Can salt – not the kind you put on your food – be used to store heat? A thermal power station in Germany is testing the theory, which goes like this: When calcium oxide becomes wet, the salt-like grains soak up the water, becoming calcium hydroxide and releasing large amounts of heat in the process. By removing the water again, the substance turns back into calcium oxide. Basically mirroring how batteries work, the system stores heat.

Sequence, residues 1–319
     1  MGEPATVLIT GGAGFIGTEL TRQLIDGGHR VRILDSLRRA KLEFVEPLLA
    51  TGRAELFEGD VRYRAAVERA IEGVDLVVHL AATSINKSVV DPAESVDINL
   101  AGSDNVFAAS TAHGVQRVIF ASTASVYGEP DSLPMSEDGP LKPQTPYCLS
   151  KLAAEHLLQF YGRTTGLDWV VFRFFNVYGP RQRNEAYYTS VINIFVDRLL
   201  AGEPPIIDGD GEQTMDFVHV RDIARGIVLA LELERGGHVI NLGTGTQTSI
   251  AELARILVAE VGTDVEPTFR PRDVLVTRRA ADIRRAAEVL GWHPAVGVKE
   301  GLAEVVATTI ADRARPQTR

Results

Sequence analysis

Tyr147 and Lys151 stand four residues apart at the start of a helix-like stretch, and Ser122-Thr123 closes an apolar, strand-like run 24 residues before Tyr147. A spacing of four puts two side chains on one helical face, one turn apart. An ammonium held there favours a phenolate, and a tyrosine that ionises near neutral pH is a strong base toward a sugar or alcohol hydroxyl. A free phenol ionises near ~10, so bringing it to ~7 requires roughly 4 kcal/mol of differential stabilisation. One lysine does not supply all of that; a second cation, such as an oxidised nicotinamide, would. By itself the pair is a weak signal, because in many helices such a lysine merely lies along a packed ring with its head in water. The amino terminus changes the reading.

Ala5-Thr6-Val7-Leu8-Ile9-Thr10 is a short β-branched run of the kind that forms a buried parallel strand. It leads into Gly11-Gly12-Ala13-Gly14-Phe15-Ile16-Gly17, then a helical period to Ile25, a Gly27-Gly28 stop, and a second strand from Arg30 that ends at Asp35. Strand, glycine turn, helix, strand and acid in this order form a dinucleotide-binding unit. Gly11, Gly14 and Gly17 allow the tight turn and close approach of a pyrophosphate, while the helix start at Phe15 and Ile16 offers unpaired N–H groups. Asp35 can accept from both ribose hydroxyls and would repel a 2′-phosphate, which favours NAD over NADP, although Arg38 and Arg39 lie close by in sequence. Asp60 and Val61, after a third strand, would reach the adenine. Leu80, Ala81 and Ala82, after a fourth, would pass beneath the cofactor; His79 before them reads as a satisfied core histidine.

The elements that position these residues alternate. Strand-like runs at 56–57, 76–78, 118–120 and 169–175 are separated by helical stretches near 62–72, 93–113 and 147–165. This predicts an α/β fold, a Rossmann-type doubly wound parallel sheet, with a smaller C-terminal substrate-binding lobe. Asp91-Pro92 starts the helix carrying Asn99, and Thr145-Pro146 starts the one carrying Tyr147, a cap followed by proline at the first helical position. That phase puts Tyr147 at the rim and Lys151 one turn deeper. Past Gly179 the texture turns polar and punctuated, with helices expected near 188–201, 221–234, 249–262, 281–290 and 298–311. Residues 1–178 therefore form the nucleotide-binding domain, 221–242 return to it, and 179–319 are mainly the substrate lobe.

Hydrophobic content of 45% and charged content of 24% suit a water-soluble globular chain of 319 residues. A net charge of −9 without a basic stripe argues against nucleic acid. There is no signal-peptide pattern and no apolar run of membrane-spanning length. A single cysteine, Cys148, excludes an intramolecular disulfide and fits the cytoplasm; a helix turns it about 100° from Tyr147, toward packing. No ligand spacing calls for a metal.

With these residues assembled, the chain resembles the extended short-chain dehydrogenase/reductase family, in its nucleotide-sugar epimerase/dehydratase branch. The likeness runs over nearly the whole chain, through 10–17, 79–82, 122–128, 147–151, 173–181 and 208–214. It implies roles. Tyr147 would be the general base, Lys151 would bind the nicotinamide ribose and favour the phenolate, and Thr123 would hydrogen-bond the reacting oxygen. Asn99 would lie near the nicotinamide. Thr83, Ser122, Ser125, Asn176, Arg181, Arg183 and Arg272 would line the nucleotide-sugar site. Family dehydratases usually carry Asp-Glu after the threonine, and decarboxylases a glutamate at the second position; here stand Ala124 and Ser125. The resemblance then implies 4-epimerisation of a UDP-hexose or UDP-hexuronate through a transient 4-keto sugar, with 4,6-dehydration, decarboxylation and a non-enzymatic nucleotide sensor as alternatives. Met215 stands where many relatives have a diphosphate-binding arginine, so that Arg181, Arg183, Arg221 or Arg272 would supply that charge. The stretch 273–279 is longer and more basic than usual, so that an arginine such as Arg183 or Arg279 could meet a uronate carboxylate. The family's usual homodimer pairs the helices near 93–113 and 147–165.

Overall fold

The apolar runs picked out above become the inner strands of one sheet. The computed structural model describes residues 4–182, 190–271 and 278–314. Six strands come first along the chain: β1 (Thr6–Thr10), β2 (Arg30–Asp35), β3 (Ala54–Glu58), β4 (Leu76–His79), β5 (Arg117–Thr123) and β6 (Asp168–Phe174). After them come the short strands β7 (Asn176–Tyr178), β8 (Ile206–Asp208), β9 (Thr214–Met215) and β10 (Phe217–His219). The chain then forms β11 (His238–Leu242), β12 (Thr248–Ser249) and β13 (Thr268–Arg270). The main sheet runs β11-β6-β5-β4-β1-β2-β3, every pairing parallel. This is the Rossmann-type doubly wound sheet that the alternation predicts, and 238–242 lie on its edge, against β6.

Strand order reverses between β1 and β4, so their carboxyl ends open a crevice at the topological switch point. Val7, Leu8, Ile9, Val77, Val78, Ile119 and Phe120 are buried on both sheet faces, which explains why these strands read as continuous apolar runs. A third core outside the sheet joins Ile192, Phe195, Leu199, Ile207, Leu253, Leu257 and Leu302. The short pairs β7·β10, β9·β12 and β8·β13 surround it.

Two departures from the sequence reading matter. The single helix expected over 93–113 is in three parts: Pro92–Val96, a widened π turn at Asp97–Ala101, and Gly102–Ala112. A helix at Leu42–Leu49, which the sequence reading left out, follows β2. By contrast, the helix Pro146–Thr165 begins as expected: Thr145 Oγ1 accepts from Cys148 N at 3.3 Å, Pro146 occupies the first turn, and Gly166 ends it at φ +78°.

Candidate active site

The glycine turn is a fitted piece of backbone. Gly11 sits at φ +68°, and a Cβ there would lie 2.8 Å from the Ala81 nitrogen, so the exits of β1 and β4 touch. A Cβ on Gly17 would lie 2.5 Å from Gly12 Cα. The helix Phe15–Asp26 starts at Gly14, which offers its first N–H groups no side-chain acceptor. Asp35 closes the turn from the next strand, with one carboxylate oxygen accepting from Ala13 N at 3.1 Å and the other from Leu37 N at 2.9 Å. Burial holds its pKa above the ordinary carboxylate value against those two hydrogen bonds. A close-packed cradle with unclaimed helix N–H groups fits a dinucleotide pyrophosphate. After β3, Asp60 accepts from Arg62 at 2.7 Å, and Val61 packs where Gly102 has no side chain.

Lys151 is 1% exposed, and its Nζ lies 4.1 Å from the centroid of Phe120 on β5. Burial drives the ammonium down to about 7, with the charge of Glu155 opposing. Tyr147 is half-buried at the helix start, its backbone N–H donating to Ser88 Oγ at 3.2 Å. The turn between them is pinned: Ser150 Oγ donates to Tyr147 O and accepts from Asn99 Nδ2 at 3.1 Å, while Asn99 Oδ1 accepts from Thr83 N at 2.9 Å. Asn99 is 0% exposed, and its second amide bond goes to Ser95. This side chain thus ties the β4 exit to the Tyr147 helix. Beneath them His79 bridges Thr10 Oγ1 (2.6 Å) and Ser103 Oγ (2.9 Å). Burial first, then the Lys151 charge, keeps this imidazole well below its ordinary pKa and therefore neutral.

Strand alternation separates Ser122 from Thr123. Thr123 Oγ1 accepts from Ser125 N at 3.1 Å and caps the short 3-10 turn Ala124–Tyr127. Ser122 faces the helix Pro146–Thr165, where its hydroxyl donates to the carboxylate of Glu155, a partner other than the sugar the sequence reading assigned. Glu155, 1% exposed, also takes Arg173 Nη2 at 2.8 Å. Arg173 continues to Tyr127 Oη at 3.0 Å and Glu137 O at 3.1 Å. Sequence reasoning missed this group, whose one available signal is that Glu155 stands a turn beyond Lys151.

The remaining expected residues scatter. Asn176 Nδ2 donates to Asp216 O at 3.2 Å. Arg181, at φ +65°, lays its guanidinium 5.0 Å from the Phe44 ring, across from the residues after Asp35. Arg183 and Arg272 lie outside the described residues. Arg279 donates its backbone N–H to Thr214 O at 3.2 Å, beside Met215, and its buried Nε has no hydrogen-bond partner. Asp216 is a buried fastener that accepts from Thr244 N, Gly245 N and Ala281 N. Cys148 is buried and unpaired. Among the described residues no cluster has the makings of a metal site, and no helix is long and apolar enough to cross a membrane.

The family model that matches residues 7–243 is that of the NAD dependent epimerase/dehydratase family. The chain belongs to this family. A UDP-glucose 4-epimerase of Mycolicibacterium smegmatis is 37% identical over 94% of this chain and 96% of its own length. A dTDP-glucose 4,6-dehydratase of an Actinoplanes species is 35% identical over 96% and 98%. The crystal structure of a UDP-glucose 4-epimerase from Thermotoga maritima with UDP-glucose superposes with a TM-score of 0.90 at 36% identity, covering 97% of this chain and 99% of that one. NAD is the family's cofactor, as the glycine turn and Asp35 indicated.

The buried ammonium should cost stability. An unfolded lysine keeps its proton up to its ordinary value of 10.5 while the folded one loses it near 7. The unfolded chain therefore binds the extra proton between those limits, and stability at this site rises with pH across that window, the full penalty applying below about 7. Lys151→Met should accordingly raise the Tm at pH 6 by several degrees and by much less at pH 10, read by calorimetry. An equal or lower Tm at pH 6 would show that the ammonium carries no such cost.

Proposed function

According to the research, the pilot project in Berlin can store enough energy to heat about 100 large houses.